The “Queer Story” Of The Victorian Woman Who Disguised Herself As A Man—For Four Years

by Mimi Matthews

In October of 1886, at the Marlborough Street Police Court in London, a young woman dressed in boy’s clothing was charged with stealing from her employer. Her name was Lois Schwich (sometimes spelled Schwick). She was twenty-one years old and had been wearing male attire since the age of seventeen. According to a October 29, 1886 report in the Herts & Cambs Reporter & Royston Crow:

“[Miss Schwich] had made every effort to obtain employment as a girl but had failed, and in desperation to support her starving mother, who had a young family, she assumed the garb of a boy, and succeeded in obtaining a situation.”

In the guise of a boy, Miss Schwich first applied for a position as an errand boy at Messrs. Goodman and Davis, a tailors in Oxford Street. The October 21, 1886 edition of the Yorkshire Post and Leeds Intelligencer reports that Miss Schwich told Mr. Goodman “she had never been in a situation before and that she was fifteen years of age.” Believing her to be a boy, Mr. Goodman hired her.

Miss Schwich was employed at Goodman and Davis for several months. During the course of her employment, many articles of clothing—valued between £60 and £80—went missing. Among these items were pairs of trousers and cloth which had been cut to make garments. Though Mr. Goodman didn’t initially report the theft to the authorities, he nevertheless dismissed Miss Schwich from his service.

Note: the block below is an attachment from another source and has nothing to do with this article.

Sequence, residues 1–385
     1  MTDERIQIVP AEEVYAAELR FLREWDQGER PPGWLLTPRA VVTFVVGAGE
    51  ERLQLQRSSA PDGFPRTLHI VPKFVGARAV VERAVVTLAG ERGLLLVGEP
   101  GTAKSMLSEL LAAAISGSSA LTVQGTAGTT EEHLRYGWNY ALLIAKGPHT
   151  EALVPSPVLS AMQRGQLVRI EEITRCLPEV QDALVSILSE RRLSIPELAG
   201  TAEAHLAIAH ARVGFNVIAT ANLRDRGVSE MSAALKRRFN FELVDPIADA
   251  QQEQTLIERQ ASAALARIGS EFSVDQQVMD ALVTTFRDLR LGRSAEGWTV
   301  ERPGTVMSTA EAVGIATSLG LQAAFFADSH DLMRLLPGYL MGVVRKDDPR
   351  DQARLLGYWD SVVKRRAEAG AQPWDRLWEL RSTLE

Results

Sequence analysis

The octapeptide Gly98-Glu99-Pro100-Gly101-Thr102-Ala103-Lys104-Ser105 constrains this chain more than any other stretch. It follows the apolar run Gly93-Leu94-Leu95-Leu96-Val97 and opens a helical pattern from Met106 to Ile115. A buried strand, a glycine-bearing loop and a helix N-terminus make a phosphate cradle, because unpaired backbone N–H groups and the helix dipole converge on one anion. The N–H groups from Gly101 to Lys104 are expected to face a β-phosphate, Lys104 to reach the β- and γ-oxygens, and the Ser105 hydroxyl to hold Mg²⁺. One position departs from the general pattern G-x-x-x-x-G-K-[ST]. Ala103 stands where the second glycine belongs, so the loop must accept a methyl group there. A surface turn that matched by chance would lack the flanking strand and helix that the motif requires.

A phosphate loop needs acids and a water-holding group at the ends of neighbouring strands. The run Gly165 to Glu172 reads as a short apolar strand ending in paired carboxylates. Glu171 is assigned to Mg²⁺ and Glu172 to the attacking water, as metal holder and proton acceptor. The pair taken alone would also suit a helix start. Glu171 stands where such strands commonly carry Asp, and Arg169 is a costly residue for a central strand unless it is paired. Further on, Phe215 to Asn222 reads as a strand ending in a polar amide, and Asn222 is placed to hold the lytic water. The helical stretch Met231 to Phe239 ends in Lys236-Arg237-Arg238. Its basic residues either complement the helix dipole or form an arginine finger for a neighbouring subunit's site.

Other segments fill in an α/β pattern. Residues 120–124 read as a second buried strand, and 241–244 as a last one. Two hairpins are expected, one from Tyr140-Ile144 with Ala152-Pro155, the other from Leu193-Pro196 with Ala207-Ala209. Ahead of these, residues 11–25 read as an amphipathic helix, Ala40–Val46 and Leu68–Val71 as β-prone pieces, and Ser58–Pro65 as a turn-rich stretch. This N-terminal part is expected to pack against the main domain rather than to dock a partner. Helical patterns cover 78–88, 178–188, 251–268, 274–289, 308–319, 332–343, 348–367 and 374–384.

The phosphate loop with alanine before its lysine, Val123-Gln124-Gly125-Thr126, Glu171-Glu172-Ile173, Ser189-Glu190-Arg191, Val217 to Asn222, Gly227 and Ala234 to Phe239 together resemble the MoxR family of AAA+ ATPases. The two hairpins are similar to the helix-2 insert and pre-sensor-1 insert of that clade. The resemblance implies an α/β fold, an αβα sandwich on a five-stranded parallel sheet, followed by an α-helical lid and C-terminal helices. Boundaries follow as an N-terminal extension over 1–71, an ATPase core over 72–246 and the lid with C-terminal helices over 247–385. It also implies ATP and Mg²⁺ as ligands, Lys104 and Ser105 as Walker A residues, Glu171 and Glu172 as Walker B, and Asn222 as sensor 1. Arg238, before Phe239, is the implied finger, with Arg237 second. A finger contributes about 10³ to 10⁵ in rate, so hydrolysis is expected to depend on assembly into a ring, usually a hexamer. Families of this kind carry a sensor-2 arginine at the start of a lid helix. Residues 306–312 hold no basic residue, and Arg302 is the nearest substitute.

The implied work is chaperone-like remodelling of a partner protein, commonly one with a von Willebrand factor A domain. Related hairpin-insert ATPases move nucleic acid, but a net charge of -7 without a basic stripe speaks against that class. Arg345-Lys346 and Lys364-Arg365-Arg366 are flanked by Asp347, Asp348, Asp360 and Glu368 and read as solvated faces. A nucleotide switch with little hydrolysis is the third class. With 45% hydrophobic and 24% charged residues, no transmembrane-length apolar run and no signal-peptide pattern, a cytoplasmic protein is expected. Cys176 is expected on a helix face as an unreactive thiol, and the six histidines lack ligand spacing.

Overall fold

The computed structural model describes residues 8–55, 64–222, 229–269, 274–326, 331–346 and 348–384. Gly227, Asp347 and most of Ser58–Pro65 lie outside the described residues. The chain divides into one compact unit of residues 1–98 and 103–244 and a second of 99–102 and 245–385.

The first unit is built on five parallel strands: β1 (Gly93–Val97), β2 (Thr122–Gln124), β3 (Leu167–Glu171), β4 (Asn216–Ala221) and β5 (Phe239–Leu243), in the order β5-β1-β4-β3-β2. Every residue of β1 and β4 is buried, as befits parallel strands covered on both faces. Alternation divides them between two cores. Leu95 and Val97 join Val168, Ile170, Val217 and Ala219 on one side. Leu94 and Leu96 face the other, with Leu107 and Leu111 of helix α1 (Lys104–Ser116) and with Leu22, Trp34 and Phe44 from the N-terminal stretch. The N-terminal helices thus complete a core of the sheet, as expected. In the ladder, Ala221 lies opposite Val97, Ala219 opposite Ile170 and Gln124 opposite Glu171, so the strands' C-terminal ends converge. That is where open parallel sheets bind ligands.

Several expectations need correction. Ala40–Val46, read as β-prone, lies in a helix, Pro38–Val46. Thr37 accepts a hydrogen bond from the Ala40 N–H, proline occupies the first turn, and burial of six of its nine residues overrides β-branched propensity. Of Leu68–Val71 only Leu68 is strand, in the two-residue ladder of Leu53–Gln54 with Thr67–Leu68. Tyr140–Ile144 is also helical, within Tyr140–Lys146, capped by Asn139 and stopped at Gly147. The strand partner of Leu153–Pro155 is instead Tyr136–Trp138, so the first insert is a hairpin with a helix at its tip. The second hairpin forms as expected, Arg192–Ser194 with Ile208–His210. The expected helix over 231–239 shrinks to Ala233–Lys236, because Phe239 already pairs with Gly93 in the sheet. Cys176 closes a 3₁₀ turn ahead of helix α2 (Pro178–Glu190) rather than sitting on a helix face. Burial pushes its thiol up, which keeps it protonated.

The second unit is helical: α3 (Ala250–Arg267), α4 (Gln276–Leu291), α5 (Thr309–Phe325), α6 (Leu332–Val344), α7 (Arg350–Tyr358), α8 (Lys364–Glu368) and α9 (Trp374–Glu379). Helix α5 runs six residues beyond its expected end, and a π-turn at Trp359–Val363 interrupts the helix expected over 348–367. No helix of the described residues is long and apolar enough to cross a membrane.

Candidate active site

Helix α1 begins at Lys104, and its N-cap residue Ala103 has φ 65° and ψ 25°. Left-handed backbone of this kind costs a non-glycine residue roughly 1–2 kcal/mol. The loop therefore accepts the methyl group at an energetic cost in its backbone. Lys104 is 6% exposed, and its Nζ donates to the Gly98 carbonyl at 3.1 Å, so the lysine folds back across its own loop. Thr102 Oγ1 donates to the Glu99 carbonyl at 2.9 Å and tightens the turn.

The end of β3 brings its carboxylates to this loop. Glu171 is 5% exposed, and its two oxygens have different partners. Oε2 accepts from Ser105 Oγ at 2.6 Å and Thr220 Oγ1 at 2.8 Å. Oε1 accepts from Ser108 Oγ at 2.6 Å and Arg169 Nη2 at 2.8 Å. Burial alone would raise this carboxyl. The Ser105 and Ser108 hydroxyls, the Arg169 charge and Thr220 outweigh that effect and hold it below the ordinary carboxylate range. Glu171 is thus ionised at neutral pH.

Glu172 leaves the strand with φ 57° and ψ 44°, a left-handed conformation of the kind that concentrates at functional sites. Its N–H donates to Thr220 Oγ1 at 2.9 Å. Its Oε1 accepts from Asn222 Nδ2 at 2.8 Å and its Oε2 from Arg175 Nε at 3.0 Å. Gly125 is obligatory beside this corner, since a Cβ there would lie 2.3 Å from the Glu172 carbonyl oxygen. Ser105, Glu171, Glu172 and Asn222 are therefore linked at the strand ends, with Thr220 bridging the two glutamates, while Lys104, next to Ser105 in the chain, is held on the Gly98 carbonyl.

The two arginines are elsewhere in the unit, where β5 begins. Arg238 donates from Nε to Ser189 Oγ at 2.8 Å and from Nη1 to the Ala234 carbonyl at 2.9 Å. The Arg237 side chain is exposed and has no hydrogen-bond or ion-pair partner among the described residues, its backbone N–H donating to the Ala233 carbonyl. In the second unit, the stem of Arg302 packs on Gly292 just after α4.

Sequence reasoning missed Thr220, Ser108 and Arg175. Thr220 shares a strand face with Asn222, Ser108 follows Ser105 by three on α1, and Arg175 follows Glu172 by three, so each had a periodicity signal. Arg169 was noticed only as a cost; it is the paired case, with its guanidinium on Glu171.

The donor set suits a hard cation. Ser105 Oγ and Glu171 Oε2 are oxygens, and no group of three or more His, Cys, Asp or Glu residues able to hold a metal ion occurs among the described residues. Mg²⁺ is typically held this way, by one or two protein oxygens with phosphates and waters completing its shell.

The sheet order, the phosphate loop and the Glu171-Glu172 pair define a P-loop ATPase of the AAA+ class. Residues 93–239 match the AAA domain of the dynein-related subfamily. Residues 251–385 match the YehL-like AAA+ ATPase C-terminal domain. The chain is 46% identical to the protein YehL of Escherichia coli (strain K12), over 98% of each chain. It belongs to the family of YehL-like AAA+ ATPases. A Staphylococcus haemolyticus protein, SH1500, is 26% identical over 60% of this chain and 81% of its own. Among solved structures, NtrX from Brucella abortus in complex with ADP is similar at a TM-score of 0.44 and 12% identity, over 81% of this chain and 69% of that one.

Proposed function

freja ce85aWool Walking Dress, 1886. (Freja Magazine)

Miss Schwich next found employment as a male porter at the shop of Frederick Noble Jones, a glover in Burlington Arcade. Again, she was employed for several months, and again, her employer noticed that some of his goods—a total of £15 worth of boots, gloves, and handkerchiefs—began to disappear. Mr. Noble promptly turned Miss Schwich over to the police. She was ultimately arrested and, as the Yorkshire Post and Leeds Intelligencer relates:

“When her sex was discovered the magistrate thought it better that she should not be dressed as a woman until he had disposed of the case.”